When one considers the evidence that has been presented against Mr. Islam, it is clearly not of sufficient weight to convict him of the charges he faced, and further, not of sufficient weight to impose the ultimate sanction, namely a sentence of death.
The specific concerns with regard to the evidence are as follows:
- It would appear that a significant amount of weight has been placed on a witness who has since deceased and therefore was not in a position to give live evidence, and therefore the defence did not have the opportunity of cross-examining or challenging the evidence of that witness;
- It would appear that a significant amount of evidence given by those witnesses in a position to attend the trial was based upon what a third party who had not attended to give evidence had told them. These third parties include the deceased, and thus constitute hearsay in the main;
- The evidence before the court appears to suggest a conviction on the basis of ‘guilt by association’, in that the evidence taken at its highest, based on the prosecution account, suggests that Mr. Islam may have been present at a scene of an alleged crime, and may have been seen associating with members of the Pakistani Army, and yet there does not appear to be any witnesses who can gave evidence to say conclusively that they saw Mr. Islam actually committing any of the offences charged or was in a position of authority; and
- The verdict of the court suggests that the intention was to convict Mr. Islam regardless of the evidence in that the verdict reads “From the discussions made earlier in relation to charges the Tribunal is convinced to record its finding that accused A.T.M Azharul Islam, for his acts, conduct and culpable association with Pakistan occupation army and Al-Badr is criminally responsible for the offences as listed in charge nos.02, 03, 04, 05 and 06 [in part] resulting from their common criminal design and shall be punished as if he himself committed those offences, irrespective of whether and in what manner he himself directly participated in the commission of any of those offences.”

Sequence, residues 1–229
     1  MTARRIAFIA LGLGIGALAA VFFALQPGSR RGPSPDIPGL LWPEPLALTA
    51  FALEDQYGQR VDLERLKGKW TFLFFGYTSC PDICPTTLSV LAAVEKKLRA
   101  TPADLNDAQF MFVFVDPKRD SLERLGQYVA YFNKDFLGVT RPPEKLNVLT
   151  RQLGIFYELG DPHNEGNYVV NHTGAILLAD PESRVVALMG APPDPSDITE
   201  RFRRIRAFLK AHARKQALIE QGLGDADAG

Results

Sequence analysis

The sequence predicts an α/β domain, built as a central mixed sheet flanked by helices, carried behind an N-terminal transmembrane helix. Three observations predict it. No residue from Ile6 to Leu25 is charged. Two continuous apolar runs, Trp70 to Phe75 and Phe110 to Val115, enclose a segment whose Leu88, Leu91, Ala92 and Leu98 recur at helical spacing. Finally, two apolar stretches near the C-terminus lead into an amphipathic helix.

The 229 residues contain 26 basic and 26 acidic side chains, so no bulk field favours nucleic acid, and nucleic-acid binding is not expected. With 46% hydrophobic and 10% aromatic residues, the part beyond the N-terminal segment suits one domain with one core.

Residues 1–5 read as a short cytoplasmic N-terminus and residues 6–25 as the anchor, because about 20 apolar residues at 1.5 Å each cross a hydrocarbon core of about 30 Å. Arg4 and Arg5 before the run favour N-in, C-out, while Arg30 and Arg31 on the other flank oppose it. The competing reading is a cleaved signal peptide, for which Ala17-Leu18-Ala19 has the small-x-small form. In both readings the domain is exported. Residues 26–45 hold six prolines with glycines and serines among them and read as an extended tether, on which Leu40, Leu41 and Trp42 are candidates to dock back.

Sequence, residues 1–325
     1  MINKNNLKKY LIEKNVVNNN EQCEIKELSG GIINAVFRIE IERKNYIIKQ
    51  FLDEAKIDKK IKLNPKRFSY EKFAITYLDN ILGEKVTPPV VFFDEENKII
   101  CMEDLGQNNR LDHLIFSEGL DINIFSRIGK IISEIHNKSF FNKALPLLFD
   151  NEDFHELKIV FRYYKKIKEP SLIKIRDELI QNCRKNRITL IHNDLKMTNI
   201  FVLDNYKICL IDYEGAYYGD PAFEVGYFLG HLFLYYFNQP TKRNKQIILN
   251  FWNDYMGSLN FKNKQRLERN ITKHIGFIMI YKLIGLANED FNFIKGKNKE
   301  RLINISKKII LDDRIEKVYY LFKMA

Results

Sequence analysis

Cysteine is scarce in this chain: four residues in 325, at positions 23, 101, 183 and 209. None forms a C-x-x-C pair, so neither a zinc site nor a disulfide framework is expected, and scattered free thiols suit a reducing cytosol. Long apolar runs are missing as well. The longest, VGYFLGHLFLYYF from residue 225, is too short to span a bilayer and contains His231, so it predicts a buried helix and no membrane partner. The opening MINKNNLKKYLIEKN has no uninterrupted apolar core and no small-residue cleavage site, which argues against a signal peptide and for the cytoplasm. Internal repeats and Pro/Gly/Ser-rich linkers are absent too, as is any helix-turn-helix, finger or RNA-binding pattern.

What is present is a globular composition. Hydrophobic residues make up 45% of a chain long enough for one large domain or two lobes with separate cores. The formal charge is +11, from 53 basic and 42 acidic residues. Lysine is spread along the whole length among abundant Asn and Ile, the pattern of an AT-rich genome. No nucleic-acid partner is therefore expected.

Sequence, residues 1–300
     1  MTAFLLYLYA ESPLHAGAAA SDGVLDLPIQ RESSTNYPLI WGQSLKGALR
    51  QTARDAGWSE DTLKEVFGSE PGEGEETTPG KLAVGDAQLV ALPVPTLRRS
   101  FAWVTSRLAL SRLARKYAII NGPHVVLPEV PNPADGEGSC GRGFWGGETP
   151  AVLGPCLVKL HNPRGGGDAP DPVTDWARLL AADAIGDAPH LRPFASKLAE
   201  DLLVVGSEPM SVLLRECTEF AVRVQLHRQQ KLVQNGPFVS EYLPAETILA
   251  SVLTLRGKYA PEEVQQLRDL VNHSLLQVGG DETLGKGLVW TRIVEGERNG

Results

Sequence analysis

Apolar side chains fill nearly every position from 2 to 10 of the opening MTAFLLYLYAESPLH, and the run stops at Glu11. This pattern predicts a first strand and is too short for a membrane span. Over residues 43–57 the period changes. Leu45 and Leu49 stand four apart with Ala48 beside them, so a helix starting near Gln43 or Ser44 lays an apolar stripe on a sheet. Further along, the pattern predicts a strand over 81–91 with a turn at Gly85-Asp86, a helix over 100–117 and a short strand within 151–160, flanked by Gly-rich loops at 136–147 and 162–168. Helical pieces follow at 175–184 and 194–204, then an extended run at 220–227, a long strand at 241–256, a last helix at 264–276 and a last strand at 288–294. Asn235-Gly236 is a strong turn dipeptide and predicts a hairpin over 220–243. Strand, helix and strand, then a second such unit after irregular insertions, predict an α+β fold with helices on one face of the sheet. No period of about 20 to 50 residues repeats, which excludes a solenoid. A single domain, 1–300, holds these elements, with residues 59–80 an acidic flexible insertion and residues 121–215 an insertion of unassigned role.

The language clearly infers that in the judges’ opinion it is irrelevant whether there is evidence to suggest that there was direct participation, as he will be punished as if he directly participated.
It is contemptible to impose the death sentence on any individual where there is no clear evidence to implicate them in the actual commission of a crime.
It is appropriate to re-iterate some of the previous criticisms of the tribunal in that:
- No international standards have been upheld;
- There has been no respect for the principle of the presumption of innocence;
- A wholly inadequate amount of time has been provided for the preparation of the defence case;
- The procedures adopted by the Tribunal are tainted by their illegality under international law, and the inference of bias following the disclosures made in ‘Skypegate’;
- The Tribunal is being used as a political weapon by the ruling Awami League rather than a tool of justice.
This parody of justice must end immediately. The principle behind the establishment of the Tribunal is a sound one, and should be supported. Where there is evidence, those implicated must stand trial, and that evidence heard and tested. However, this is not being allowed to happen at present.
The ruling Awami League is therefore called upon to immediately implement the following:
- Impose an immediate moratorium on all death sentences passed by the Tribunal and the Supreme Court;
- Call an immediate halt to all trials currently before the Tribunals;
- Commission a truly independent and international inquiry into the Tribunal to enable the appropriate procedures to be developed and adopted; and
- Move the Tribunal to an independent third party country so as to ensure that any trial is free from any political influence, perceived or real.
Failure to halt and reform the Tribunal as suggested risks the undermining of those very democratic principles that those who lost their lives in the 1971 war fought and died to see implemented.
9 Bedford Row, London
30 December 2014